I’m a journalist and editor in California focused on medicine, science and other good stuff. Some of my most recent features were for Audubon, Popular Science, Scientific American, Wired, and Aeon (scroll down for more).
I believe the zone where science, politics, business and power connect is a place where journalists belong. I’ve recently written about the icky little secret in the booming cell-based meat business; how other people make money off your medical data; and how new drugs for cystic fibrosis save people’s lives—for $259,000 a year.
As project editor, I organized and stage-directed the 2019 and 2018 Grist 50s, which celebrate the smartest, most inspiring up-and-comers in sustainability. Features I edited for the autism news website Spectrum in 2016 and 2017 won multiple awards for excellence from the Association of Health Care Journalists and the National Institute for Health Care Management. I also edit as a consultant for Neo.Life, the Stanford Social Innovation Review and other publications (see more on editing page).
In years past, I was a special projects editor at Discover, senior editor at Psychology Today, reporter at GenomeWeb, and senior editor at a scrappy little investigative newsmagazine in New York City. For many years I was also a flower-grower and board member at the best community garden on the lower East Side of NYC. (Current emeritus role: User Experience Digital Ninja At Large).
I also volunteer at the wildlife rehab center Wild Care, mostly feeding baby birds (specialty: corvids) and spend as much time outside as I possibly can.
Round about the accredited and orderly facts of every science there ever floats a sort of dust-cloud of exceptional observations, of occurrences minute and irregular, and seldom met with, which it always proves less easy to attend to than to ignore. –William James
Audubon, Winter 2018 For flocking birds, friends mean survival. A team of Oxford scientists are spying on the social networks of birds, hoovering up data that would make Facebook blush—and discovering the universal rules of friendship.
Neo.Life, September 2017 The price of DNA sequencing is falling. The value of the data is increasing. The result: Some new companies will pay you—or give you something good—for access to your data. Can the DNA-for-dollars business model work?
Scientific American, June 2017 For years, the man kept coming back to the hospital with blinding headaches, his face partly paralyzed. Finally, a new DNA-based test caught the culprit: A worm in his brain.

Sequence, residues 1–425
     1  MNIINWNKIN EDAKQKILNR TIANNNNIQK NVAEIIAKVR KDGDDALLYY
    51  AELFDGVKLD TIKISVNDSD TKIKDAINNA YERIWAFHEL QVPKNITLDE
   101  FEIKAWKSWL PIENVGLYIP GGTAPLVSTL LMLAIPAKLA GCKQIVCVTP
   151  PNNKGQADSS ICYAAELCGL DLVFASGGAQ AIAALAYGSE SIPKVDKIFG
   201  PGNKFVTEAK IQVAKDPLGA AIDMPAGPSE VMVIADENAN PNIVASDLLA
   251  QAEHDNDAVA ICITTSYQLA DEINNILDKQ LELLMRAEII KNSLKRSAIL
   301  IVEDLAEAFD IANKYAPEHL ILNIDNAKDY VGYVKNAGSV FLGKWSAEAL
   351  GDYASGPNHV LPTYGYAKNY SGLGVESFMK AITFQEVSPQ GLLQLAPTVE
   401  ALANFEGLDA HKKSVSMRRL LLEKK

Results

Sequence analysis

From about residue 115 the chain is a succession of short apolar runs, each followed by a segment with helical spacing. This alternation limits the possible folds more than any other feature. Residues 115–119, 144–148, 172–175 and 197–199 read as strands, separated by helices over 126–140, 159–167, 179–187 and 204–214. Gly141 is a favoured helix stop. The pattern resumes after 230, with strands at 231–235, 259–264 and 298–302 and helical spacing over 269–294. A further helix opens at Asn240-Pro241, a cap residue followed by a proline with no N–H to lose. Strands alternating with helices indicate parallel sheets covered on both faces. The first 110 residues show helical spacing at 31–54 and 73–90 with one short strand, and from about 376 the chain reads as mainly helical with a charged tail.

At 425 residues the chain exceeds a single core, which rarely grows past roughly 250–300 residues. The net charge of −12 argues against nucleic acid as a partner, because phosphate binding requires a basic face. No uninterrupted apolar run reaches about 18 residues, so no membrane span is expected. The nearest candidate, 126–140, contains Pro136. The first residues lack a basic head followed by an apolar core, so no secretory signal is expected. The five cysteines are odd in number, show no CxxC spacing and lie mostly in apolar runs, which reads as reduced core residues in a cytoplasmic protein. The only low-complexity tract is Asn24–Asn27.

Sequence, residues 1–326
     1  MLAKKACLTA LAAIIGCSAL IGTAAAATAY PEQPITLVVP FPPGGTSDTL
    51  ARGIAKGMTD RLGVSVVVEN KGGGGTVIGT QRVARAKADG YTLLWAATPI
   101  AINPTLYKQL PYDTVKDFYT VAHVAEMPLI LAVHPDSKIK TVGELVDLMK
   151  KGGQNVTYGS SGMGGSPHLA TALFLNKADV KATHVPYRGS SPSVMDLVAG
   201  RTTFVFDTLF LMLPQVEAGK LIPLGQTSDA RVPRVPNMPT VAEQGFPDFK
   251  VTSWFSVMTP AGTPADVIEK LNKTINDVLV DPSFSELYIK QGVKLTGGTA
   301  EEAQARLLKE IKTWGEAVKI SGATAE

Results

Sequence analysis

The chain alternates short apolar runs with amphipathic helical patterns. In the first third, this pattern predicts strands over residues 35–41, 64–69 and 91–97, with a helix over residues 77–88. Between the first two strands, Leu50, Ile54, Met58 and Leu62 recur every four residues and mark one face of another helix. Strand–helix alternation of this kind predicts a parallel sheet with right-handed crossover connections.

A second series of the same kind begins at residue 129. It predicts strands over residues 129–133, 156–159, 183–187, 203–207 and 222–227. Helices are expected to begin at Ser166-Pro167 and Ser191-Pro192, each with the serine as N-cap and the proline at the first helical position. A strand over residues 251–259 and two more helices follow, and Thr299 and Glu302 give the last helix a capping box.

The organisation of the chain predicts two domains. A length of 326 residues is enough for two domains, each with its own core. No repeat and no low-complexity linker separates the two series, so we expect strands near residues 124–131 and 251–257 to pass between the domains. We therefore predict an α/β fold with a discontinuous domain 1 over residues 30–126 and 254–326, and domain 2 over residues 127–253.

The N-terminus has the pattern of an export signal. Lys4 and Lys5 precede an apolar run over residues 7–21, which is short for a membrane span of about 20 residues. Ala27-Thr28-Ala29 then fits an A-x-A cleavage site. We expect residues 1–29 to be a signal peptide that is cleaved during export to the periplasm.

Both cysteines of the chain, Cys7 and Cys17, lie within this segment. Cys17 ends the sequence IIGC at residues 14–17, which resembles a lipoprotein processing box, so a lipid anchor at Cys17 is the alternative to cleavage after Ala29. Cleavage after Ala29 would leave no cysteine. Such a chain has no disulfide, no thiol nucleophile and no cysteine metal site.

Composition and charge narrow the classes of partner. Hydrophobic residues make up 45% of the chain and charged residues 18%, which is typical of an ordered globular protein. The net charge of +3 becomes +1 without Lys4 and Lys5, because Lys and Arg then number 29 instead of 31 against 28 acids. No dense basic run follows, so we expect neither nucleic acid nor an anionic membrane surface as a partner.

Nautilus, November 2016 For a long time, biologists didn’t want to talk about parthenogenesis: Having babies without having sex. It seemed to break all the rules of evolution. Now, a few adventurous researchers are finding that this bizarre form of sex is quite effective.
Backchannel, February 2016 Why is it so difficult to get your own health data—and how do so many other people make money off of it? Meet the data dissidents: a young man with cancer who dissected his own brain tumor, then built a web site to host all his data. A mother who unearthed her baby’s mystery illness in his medical files. A security expert who can't trust the code that runs her own pacemaker.
Neo.Life, November 2018 Cell-based meat developers promise immaculate food. But the reality so far is not quite so pristine; manufactured meat relies on serum, hormones, even antibiotics. Can these startups clean up the act?
Scientific American, September 2017 Sequencing the short scraps of DNA floating around in your blood could become a stethoscope for the future, detecting mystery infections, tiny tumors, maybe even strokes and autoimmune disease.
Backchannel, December 2016 Some of the greatest minds in cancer research now say the same thing: It's time to stop fighting the war on cancer, and stop the disease before it starts.
Bay Nature, Fall 2016 These sneaky little carnivores were wiped out in the San Francisco Bay decades ago. Without any help or protection, they've quietly come back. Will they stay?
Quartz, March 2016 New genomics-based non-invasive pregnancy tests promise peace of mind. But as the tests add more and more extremely rare conditions, their accuracy plummets. Expecting mothers are left baffled and worried about the confusing results they get.
Popular Science, spring 2018 (cover story): Crows beat kids on puzzles; chimps master tools; bees know what they don’t know. Animal cognition science reveals that no matter what a human can do, there’s probably a critter that can do it better.
Popular Science, September 2017 While origins-of-life researchers still fight about how life got started, they now agree upon when: Very very early. The implication: Life is quick and easy—and it just might be everywhere.
Stat News, December 2016 People who volunteer for medical research provide buckets of data, but they can’t access it themselves. An unlikely mix of grassroots activists and big pharma pioneers is changing that equation.
Audubon, March-April 2016
Urban ecologist John Marzluff is one of the world’s foremost experts on the minds—and brains—of crows. How can these birds remember individual people for so many years? Why do they hold funerals? And what’s with the Cheetos, anyhow?
Mother Jones, Sept-Oct 2015 Scott Fahrenkrug and his startup Recombinetics are using gene editing to make farm animals’ lives better. He believes biotech can create healthier piglets, more contented cows, and cheerier chickens. Will anti-GMO activists crush his hopes?